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Peak Oil Self-Teach

Peak Oil Self-Teach The Environmental Change-Makers Los Angeles, CA, September 2008 www.EnviroChangeMakers.org

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Peak Oil Self-Teach

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  1. Peak Oil Self-Teach The Environmental Change-Makers Los Angeles, CA, September 2008 www.EnviroChangeMakers.org

  2. Notes to user:The Environmental Change-Makers developed this “Peak Oil Self-Teach” for a “Life After Oil” mini-conference held in Los Angeles in September 2008. More information about our “Life After Oil” series (including agendas, handout packets, and other items) is available for your use at http://envirochangemakers.org/TTLA.htm The Peak Oil Self-Teach concept came from Rob Hopkins’ The Transition Handbook (Green Books, 2008), page 26. We assembled these slides, and printed them (2 sides of a page on recycled paper, of course!). Although some slides are in color because of the original source material, we printed them in black and white and they looked just fine. Each participant received only one section (i.e. 2 to 4 slides) out of the total. With close to 50 participants, that meant we had about 7 sets of these things circulating in the room. At the signal, each participant had to seek someone who had a DIFFERENT set than he held himself. The pair would then teach each other (or help each other figure out) the information on the set of slides. Four minutes later, another signal, and all participants scurried to find new partners, with yet another DIFFERENT set than they’d discussed before. Again, they shared information back and forth. This was repeated for six time increments, at which point all participants should have seen all the slides. As Rob Hopkins points out, this is a great icebreaker. We used it within the first hour-and-a-half of our full-day session. Everyone got a lot more comfortable with each other, because they’d interacted. There was much laughter, and people declared it was lots of fun. The Environmental Change-Makers www.EnviroChangeMakers.org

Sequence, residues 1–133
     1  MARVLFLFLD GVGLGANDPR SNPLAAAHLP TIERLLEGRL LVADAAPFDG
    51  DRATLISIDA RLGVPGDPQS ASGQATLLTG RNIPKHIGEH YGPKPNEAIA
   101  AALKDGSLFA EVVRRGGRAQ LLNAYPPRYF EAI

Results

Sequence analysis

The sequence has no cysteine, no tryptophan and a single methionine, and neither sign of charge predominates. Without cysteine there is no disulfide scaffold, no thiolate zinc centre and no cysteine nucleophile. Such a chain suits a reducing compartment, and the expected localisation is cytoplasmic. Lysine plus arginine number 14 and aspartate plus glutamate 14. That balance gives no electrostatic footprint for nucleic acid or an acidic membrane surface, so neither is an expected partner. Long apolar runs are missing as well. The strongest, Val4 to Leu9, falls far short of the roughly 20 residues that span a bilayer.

3. Section #1: Definition